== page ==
How DIII College Athletes Fuel Their Bodies in the Fast Food Age
Introduction This research paper looks at the area of college athletics, both male and female, and examines their diet plans. How does college athletes’ diets compare to traditional American foodways? This topic is important because it examines a huge part of American culture and essentially what it means to be American. To focus on how dieting is emphasized in American culture, specifically athletes’ food consumption, this paper focuses on the foodways of Hope College athletes during their respective athletic seasons. To carry out this topic I will first provide a brief overview of the importance in how athletics plays a role in American culture. Next I will outline the interviews of Hope College athletes who participated, or are participating, in a DIII sport in 2012. The sports that each athlete participated in include football, soccer, volleyball, swimming and basketball due to timeliness with this research project. With their interviews in mind, I will examine how their foodways reflect the overall foodways in American culture today, or if they go against traditional societal norms. I want to see if athletes are more likely to be health conscious or more likely to practice special diets because of being in a sport.
Review of Literature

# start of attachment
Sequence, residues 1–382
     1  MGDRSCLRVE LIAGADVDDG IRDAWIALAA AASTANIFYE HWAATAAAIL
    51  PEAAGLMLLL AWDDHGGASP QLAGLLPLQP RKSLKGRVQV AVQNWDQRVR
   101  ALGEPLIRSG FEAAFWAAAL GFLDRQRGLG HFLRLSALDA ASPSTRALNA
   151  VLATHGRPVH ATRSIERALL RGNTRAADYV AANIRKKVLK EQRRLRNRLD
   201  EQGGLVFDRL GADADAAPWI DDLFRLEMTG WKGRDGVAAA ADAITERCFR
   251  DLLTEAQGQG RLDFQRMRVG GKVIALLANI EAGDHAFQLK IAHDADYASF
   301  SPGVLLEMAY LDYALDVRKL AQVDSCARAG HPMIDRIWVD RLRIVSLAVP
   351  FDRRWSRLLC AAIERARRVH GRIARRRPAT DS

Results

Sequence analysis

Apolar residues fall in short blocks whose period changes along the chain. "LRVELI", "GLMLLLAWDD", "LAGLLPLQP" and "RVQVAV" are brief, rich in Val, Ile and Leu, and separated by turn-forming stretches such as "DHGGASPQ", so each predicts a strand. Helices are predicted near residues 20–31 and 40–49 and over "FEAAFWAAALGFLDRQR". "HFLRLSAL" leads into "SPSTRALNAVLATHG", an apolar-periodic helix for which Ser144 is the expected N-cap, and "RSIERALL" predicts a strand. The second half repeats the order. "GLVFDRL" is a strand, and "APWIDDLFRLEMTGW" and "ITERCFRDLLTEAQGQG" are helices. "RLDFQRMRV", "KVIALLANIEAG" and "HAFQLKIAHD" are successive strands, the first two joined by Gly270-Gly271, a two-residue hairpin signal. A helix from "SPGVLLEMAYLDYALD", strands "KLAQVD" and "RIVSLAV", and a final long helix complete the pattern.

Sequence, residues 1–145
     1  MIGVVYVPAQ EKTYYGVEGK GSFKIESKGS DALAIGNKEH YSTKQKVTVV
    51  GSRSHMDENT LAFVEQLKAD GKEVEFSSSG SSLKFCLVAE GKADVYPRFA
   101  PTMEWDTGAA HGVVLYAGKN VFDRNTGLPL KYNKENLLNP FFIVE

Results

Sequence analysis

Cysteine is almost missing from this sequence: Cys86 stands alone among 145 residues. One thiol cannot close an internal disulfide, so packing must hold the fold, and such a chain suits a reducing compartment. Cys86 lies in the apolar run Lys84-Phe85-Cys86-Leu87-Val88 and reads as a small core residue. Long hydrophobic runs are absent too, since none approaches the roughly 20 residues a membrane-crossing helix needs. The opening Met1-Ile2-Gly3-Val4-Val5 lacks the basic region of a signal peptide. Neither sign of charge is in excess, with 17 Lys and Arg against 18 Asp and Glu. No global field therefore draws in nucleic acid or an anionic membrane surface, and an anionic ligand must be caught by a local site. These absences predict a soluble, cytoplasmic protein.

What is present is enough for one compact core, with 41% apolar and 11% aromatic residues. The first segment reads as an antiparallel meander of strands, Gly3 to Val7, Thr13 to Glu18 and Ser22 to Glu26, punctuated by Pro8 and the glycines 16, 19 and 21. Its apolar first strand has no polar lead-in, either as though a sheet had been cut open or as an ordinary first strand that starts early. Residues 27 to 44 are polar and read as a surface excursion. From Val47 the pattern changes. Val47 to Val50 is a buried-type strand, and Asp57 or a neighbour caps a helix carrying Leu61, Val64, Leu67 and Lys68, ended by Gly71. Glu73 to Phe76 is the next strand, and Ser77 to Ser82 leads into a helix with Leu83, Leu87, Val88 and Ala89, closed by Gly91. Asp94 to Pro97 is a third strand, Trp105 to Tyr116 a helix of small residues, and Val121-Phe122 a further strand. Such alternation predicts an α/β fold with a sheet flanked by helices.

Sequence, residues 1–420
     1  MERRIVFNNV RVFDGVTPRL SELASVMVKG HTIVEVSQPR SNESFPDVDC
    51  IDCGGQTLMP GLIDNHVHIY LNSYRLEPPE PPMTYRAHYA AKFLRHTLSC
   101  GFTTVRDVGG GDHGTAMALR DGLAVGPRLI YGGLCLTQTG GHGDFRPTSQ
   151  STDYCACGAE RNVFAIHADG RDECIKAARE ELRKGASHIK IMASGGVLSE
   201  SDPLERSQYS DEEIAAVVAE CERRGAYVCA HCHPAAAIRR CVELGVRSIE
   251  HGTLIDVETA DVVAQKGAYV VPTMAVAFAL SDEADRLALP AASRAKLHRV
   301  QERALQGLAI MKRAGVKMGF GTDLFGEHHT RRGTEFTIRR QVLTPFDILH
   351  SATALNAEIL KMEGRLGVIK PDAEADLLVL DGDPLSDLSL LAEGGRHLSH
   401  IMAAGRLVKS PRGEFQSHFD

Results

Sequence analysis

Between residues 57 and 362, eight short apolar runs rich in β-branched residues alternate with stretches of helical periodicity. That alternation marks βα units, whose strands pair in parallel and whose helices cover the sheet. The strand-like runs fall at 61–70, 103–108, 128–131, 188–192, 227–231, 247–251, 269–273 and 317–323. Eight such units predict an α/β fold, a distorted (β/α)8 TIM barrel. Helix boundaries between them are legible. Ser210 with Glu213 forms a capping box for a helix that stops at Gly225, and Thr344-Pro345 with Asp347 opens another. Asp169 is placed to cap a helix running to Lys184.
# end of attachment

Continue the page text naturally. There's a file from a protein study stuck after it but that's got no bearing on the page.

Fast Food Epidemic Our culture has been shaped by food since it’s beginning. Because what we eat and how we eat signifies who we are. Do we take time with family over a homemade meal? Do we eat around a circle? Or do we clammer handfuls of french fries into our mouths while traveling down the interstate? Are we organizers who make sure not one food is touching the other? Or are we pickers who want just a little bit of mayonnaise on our sub, but oh just three globs not four? The question, “what’s for dinner?” has shaped our lives since the day we were spoon fed and is the basis of what Michael Pollan describes as the “national eating disorder.” He blames this eating disorder partially on the fact that our country lacks food roots, “it would never have happened in a culture in possession of deeply rooted traditions surrounding food and eating” (Pollan 2006). Countries like France and Germany have always had traditions surrounding food because of their heritage, but in the “new country,” the roots were broken. “A country with a stable culture of food would not shell out millions for the quackery (or common sense) of a new diet book every January. It would not be susceptible to the pendulum swings of food scares or fads” (Pollan). He also describes what he’s named the “American paradox,” which is how an unhealthy culture with an obesity epidemic is obsessed by the idea of eating healthy. In 2012, it’s not about what you eat. It’s about where and how you eat. The goal is to get as much food as required to feel full in as little time as possible. According to the Pew Research Center, we have over 160,000 fast food restaurants in America with over $50 million Americans served daily. “We need handheld, bite-size, and dripless food because we are eating on the run - all day long” (Jackson 2008). For college athletes especially, coping with school, work, a sport, and social relationships leave little time for food. “Americans report that 20 percent of their “meals” aren’t breakfast, lunch, or dinner. That’s because snacking, generally frowned upon a generation ago, is a norm, while meals tend to happen when and where we can fit them in” (Jackson). The problem is that our days are not centered around meals, or food for that matter. Our days are centered around the next task. In college, students are walking (or running, if late) to class, meeting with their study group, planning a project, writing a paper, going to practice, heading to the sporting event, working on a lab, or trying to squeeze in a movie with friends. After class, a meeting, a practice, they’re